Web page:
FDIC Banks vs. S&Ls and a coming crisis???
The U.S. Federal Deposit Insurance Corp. said its ``problem list'' of banks increased [to] 117 ``problem'' banks as of June 30, up from 90 in the first quarter and the highest since mid 2003 ... FDIC-insured lenders reported net income of $4.96 billion, down from $36.8 billion in the same quarter a year ago.
U.S. savings and loans posted a $5.4 billion loss in the second quarter as lenders set aside record reserves for loan losses amid the slump in the housing market, the [Treasury's Office of Thrift Supervision] said.
So if we take the entire universe of FDIC banks and S&Ls, there was a net loss in Q2. If we add in investment banks, the losses would rise in the tens of billions. Can anyone remember when the entire banking system in America was reporting a net loss......my guess is no!!!!!
Next quarter will likely be much worse as asset values continue to fall and defaults continue to rise.
Further, it seems clear now that banks are not fully reporting their losses:
The Federal Deposit Insurance Corp said on Tuesday it now expects IndyMac's failure in July to cost its insurance fund $8.9 billion, compared with the previous expected range of $4 billion to $8 billion.
Diane Ellis, the FDIC's associate director of financial-risk management, said IndyMac's expected hit to the fund blossomed because analysts have had more time to value IndyMac's assets and have assigned some higher loss rates.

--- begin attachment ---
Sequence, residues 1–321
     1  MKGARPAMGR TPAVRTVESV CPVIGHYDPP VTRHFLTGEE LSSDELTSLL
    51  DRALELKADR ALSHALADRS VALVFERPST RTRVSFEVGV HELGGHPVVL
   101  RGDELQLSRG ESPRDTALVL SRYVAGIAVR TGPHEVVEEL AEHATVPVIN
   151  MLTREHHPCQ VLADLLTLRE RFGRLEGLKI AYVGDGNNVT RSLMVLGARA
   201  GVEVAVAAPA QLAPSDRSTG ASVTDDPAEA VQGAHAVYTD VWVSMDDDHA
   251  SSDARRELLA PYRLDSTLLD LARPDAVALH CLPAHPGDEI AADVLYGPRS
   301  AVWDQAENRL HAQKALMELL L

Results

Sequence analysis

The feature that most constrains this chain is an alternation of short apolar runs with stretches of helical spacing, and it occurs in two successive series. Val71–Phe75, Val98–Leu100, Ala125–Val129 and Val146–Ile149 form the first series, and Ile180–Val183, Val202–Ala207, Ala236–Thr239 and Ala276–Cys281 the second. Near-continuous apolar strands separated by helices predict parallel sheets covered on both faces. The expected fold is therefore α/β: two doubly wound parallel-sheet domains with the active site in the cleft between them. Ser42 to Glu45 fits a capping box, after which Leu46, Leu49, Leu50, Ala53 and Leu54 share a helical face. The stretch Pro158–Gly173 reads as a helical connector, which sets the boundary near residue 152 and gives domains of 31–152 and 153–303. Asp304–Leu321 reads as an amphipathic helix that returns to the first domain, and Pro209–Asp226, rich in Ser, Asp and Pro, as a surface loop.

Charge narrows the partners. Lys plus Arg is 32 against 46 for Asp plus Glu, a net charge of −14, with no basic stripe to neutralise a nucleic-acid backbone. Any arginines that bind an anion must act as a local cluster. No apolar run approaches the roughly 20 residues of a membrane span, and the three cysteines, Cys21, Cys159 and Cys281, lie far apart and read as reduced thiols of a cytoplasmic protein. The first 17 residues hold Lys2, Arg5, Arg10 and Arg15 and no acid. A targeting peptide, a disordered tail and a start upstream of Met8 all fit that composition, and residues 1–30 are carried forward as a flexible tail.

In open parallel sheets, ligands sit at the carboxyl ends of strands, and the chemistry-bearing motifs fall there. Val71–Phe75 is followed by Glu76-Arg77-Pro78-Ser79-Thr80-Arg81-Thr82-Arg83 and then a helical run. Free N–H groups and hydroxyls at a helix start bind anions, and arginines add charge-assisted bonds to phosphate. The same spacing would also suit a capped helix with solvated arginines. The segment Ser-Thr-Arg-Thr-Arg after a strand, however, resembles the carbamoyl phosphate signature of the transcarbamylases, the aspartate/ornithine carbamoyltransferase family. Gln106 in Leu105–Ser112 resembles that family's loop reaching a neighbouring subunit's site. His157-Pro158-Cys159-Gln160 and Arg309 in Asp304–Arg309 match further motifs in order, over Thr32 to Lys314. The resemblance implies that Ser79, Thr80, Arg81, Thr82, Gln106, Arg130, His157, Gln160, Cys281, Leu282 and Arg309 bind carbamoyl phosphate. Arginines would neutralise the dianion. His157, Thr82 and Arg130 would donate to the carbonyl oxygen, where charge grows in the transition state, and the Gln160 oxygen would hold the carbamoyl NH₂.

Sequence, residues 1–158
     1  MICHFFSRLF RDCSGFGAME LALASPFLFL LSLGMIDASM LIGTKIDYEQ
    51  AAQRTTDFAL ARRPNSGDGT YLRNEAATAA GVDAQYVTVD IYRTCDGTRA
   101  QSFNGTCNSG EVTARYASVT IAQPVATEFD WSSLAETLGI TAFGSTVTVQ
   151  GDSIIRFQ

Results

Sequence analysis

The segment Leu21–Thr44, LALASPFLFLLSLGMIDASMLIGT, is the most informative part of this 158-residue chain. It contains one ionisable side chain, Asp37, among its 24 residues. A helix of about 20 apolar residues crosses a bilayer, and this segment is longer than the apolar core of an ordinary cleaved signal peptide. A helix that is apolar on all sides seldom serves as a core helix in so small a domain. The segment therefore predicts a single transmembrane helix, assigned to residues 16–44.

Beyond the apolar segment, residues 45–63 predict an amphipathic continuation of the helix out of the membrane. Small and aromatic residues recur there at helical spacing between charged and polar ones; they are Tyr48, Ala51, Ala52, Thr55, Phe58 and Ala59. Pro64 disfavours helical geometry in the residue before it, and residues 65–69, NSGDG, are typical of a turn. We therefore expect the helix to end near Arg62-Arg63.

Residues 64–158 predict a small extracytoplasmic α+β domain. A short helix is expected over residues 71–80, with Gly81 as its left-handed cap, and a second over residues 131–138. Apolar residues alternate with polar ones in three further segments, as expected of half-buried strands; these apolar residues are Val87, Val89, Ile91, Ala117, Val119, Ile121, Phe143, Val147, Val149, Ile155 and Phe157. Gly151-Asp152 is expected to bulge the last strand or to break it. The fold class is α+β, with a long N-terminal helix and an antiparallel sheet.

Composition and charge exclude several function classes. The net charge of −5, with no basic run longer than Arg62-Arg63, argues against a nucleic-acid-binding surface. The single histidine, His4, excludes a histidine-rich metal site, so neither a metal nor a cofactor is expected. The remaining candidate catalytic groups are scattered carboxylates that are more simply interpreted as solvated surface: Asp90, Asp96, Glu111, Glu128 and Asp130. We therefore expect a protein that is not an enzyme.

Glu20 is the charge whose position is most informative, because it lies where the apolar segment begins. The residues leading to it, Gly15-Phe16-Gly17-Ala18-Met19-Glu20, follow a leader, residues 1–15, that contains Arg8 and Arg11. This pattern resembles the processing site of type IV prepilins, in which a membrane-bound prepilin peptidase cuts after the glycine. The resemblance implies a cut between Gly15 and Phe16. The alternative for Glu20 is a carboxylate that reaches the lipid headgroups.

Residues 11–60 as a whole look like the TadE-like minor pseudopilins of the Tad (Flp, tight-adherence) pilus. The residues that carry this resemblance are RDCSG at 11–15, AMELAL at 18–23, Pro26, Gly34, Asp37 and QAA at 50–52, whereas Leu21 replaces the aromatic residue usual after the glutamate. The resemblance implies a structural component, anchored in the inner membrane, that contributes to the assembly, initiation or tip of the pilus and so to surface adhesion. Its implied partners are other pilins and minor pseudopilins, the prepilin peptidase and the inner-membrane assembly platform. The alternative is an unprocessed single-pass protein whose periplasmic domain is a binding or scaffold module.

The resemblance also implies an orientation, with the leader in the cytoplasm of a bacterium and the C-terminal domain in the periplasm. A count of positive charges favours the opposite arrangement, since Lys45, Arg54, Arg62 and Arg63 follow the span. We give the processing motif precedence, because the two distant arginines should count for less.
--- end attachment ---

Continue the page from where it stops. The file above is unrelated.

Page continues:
We can try to compare the current period to other earlier periods.....unfortunately, there is no comparable period.....welcome to the world of Black Swans.
You think the government is a little worried:
Federal Deposit Insurance Corp. Chairman Sheila Bair said Tuesday her agency might have to borrow money from the Treasury Department to see it through an expected wave of bank failures.
The last time the FDIC borrowed funds from Treasury came at the tail end of the savings-and-loan crisis in the early 1990s after thousands of banks were shuttered.
Now it needs to borrow money at the beginning before many of the expected failures have even occured!!!!!!!!!!!!!!!!!!!!!!
My friends, it ain't too complicated....if the banks are broke......we are all broker and we can all look back with a fond memory about all the time we spent planning for retirement.